Breed Group: Hound
Gentle, sweet, and lively, the Harrier is a mid-size scent hound similar to and whose size falls between the smaller Beagle and larger English Foxhound. Not as accepting of strangers as either of his cousins, he reserves his love for his family. Excellent with children of any age, they are highly tolerant of young children and ready to rough-house with older kids. Bred as pack hunters, Harriers are exceptional with dogs and horses, but should not be trusted with small, non-canine pets. They may accept a cat if raised with it. Harriers need both companionship, including physical contact, and lots of exercise to be happy. A daily walk won’t do. Bred to chase hare, they need vigorous daily exercise including jogging, hiking, chasing a frisbee or similar activity. If they do not get the exercise they need, expect excessive barking, chewing, or other destructive behavior. When off-lead, they require a fenced yard with a high fence (they are great jumpers) or their sense of smell will lead them astray. Even when their significant exercise needs are met they are active inside too. Yard lovers beware, these dogs love to dig. An even better watchdog than the Beagle, they will raise the roof at approaching strangers or wildlife; but he makes a sub-par guard dog. Nuisance barking, howling, or baying can be a problem.
Harriers are a medium size dog that stands between 18 and 22 inches tall and weighs 45 to 60 pounds. They have a smooth, medium length coat that comes in typical hound colors including tri-color, black and tan, red and white, orange and white, or lemon and white. They shed very little, much less than a Beagle. A weekly brushing is all that is required. They can live outdoors in temperate climates as long as they are given warm shelter and bedding.
Harriers benefit from moderate socialization– enough to keep them from becoming timid. An obedience class provides an opportunity to master basic commands but they are not easy to train. Their nose tells them what they smell is more important than what they hear. Learning to walk on a leash can be a challenge; they are usually more interested in how the ground smells than walking beside their owner. Food training works best. They have a reputation for being stubborn. Many are difficult to housetrain. Harriers are not the best choice for a novice owner.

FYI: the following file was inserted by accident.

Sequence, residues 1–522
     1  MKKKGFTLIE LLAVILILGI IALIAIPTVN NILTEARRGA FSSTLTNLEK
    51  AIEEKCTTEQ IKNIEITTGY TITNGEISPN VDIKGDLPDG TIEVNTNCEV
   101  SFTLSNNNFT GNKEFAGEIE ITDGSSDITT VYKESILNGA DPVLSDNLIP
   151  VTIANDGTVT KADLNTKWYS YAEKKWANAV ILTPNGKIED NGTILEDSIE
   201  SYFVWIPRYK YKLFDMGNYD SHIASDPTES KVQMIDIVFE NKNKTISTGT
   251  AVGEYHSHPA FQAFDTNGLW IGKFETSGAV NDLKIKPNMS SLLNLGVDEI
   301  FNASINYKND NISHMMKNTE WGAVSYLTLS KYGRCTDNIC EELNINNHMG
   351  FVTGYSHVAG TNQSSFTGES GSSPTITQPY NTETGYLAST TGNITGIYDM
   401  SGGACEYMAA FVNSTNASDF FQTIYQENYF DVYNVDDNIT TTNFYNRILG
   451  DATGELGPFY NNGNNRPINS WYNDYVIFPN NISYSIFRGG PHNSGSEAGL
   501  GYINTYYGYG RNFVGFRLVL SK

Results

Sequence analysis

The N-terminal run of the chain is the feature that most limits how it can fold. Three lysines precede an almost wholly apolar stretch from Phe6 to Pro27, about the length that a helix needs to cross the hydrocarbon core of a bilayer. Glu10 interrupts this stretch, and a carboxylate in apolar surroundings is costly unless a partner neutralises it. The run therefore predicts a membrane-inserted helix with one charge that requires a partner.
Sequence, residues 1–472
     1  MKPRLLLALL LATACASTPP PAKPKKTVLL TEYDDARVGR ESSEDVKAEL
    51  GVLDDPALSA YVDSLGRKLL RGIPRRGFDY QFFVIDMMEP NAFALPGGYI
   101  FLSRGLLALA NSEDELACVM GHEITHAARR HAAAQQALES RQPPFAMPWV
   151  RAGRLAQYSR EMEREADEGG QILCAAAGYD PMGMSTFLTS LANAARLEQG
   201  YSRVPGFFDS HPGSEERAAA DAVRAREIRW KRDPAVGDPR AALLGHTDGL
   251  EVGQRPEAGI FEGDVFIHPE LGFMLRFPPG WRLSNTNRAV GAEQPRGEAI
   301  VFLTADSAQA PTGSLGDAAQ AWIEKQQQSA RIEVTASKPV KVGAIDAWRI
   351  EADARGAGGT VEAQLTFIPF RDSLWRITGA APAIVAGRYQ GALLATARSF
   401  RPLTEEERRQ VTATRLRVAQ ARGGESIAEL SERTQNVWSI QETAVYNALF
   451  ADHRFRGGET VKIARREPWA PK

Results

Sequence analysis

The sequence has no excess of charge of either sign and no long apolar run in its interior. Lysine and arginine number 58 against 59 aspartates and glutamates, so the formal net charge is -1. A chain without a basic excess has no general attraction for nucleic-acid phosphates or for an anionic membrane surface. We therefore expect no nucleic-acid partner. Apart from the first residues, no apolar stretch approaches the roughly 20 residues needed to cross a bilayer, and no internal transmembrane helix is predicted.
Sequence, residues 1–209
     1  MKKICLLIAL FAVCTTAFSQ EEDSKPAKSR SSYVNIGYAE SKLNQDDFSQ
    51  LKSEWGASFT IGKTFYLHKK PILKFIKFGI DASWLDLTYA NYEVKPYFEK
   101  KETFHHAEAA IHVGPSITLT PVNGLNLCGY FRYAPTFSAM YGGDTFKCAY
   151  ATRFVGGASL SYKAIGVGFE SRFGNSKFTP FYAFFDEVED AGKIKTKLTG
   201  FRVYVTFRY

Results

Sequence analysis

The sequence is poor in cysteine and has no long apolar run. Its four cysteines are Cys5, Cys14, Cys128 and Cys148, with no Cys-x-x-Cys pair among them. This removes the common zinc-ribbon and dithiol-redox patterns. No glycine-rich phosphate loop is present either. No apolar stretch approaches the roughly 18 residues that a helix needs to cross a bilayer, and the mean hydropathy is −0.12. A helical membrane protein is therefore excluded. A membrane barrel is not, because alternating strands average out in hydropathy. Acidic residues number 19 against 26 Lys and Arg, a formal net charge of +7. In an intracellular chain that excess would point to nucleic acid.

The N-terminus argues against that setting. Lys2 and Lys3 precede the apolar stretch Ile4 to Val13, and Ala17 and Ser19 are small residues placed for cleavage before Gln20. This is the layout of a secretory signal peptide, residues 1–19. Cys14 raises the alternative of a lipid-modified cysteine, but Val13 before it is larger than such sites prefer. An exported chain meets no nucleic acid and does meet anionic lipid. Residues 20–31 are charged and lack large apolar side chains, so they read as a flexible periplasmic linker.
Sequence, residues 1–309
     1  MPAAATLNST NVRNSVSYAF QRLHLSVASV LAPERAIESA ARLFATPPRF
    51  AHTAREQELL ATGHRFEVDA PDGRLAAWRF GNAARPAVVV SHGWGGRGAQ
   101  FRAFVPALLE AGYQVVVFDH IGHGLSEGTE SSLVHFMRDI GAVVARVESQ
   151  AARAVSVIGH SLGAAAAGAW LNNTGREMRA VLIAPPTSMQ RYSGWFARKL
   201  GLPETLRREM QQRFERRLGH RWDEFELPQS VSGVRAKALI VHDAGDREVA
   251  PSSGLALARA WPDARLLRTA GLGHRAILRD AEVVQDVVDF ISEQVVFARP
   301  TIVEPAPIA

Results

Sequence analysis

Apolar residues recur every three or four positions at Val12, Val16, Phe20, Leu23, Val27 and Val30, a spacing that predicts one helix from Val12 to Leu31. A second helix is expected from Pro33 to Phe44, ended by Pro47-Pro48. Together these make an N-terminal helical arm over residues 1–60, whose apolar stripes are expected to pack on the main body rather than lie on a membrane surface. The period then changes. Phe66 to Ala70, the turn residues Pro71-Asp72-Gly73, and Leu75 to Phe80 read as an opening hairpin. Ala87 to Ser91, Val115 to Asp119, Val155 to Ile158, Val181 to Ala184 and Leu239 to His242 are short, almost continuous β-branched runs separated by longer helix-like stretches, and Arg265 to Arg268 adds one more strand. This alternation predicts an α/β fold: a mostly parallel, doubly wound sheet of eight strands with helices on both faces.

The Harrier is a fairly healthy breed having only a 15% occurrence of Hip Dysplasia and an occasional case of Thyroiditis. A Harrier should live 10 to 12 years.
The Harrier is a rare breed. With fewer than 100 dogs registered by the American Kennel Club in a typical year, they rank 153rd in overall popularity.
It is difficult to trace the history of the all hounds as it stretches well back in time. The Harrier is no different. With detailed records of individual packs existing that date back to 1260, what is known is their ancestry dates to before 13th century England. They may have their roots in the older, long extinct Talbot and St. Hubert Hounds. Some believe the breed name originated from the Norman word “harier” meaning dog or hound while others contend the name indicates its primary prey, the hare. Quicker afoot than the Beagle, Harriers were bred to hunt small game by scent with the hunter following on foot. The Harrier is known to be in America during Colonial times.
US President Andrew Jackson was a Harrier owner. For more information about the Harrier, you can contact the Parent Breed Club which is the Harrier Club of America.
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